Crushing Cherries – A Quick Story

Breeding, a significant milestone, a transitional rite–birth, graduation, wedding, retirement, death, to name a few. For several centuries trees have been planted.

And the particular tree type selected typically has a symbolic significance as regards the event. The oak tree was always a symbol of strength and courage, for example-they always say, “the powerful oak.” And the Tree of Bonsai symbolizes harmony, peace and equilibrium for a long time.

It’s very significant when someone plants a tree to mark a triumph. But when I was in Washington D.C. at the beginning of April this year. I’ve seen this amazing display of the trees traveling for the Davey Tree, and it can be extraordinary if someone plants a lot of trees symbolically.

I was among three hundred and seventy-four hot cherry trees in the Tidal Basin–their dark trunks were set by stunning pink and white blossom crowns. As the wind of the Potomac River began, in the rain of pastel petals passing by me into the earth, I stood under one of these trees. It had been beyond magic.

And it struck me with curiosity. Who has been inspired to plant the first tree which would lead to this splendid view of D.C. For the sake of seeing these delicate blooms, as an early spring visitor attraction?? What is the history of this massive show of trees in a soft whispering wind that explains their presence?? What is its history?

SO I DID SOME DIGGING The story begins with one woman, Eliza Ruhamah Scidmore, who was inspired by her first Japanese visit in 1885 by the cherry trees. She approached U.S. military superintendents for 24 years.

In the interim, a plant explorer and US Dr. David Fairchild Official Department of Agriculture, 100 different Japanese cherry trees were imported, planted and tested for hardness on a hillside in his Chevy Chase, M.D. property. He encouraged the trees to be ideal on Washington Avenues with the results.

Scidmore sent First Lady Helen Taft a note in 1909 regarding her new plan for buying and giving cherry trees to the town. Taft was in Japan and knew the beauty of the flowering cherry trees, so she answered by suggesting their avenue.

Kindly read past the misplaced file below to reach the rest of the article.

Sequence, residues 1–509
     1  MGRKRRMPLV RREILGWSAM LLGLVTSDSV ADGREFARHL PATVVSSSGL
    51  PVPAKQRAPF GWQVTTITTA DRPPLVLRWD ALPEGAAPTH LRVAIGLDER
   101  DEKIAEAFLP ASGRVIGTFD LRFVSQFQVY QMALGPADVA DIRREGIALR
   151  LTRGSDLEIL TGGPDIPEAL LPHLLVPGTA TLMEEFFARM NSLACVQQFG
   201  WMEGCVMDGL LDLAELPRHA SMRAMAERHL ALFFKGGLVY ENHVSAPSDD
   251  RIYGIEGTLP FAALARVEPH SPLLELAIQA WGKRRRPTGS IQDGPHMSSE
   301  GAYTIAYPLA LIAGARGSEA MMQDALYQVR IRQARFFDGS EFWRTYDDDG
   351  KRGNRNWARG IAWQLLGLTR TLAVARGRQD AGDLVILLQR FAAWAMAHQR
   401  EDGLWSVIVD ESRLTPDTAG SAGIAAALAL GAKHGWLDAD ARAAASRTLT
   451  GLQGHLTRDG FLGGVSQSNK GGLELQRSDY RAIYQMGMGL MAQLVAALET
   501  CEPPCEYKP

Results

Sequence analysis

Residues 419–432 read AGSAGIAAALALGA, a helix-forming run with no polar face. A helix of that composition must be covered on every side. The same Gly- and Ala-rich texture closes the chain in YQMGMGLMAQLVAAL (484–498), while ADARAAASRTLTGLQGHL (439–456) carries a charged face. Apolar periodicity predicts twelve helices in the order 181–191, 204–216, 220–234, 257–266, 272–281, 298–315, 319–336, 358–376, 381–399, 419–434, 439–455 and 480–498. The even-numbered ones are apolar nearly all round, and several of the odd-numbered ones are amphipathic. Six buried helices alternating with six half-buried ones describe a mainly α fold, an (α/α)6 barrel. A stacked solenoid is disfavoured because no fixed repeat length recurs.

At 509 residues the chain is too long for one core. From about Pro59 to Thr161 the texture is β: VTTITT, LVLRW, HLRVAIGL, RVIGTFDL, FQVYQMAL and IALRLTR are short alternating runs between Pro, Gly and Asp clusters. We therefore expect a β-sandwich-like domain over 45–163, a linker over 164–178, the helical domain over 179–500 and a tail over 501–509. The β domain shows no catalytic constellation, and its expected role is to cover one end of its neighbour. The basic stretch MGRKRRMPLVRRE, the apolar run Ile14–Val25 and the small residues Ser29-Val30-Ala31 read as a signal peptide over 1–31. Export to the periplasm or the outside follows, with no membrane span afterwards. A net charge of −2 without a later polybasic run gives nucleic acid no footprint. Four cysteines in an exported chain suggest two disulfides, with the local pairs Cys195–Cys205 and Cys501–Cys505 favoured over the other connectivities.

At the time, a Japanese chemist, Dr. Jokichi Takamine was in Washington and this plan has been told. He offered to give another 2000 trees as a present from Tokyo to fill the area.

According to the Department of Agriculture, many of the initial trees had insect and disease infestations. The trees have been destroyed to protect American farmers. Some of the trees have been saved for research and planted in a nearby experimental plot.

Japan donated the money again to the trees and increased it to 3,020.

On 27 March 1912, on the North bank of Tidal Basin, some 125 feet South of what is now Independence Avenue, SW, Helen Taft and Viscountess Chinda, wife of the Japanese Ambassador, planted the first two Yoshino cherry trees. After the ceremony, Viscountess Chinda-the well-known Washington National Cherry Blossom Festival grew up from this very simple ceremony-was presented with a bouquet of “American Beauty.” The original two trees still stand hundreds of yards west of the Memorial to John Paul Jones, located at the 17th Street, in the southwestern part of Switzerland.

Another first woman dedicated in 1965 to Washington’s embellishment-Lady Bird Johnson, wife for President Lyndon Johnson-was presented by the Japanese Government in another gift of 3800 yoshino trees. Much of these were planted on the Washington monument grounds. This time American-grown.

Between 2002 and 2006, the genetics of the original trees were planted in a continuation of 400 trees propagated from the surviving trees of the 1912 donation.

Cherries are a symbol of death, renaissance and new upliftment. Between the United States and Japan they symbolize an unbelievably deep-rooted international friendship. Indeed, the symbol is so powerful that four cherry trees were cut down for the Japanese assault on the US even on December 11, 1941. Pearl Harbor Pacific Fleet. 

Cherries now have innocence, spring and simplicity linked to them.

When another wind blows and my face flashes with a cascade of delicate petals, I recall that trees are important, whatever they symbolize, from the memory of one person into world peace.

If you would like to get your own cherry trees, contact for help.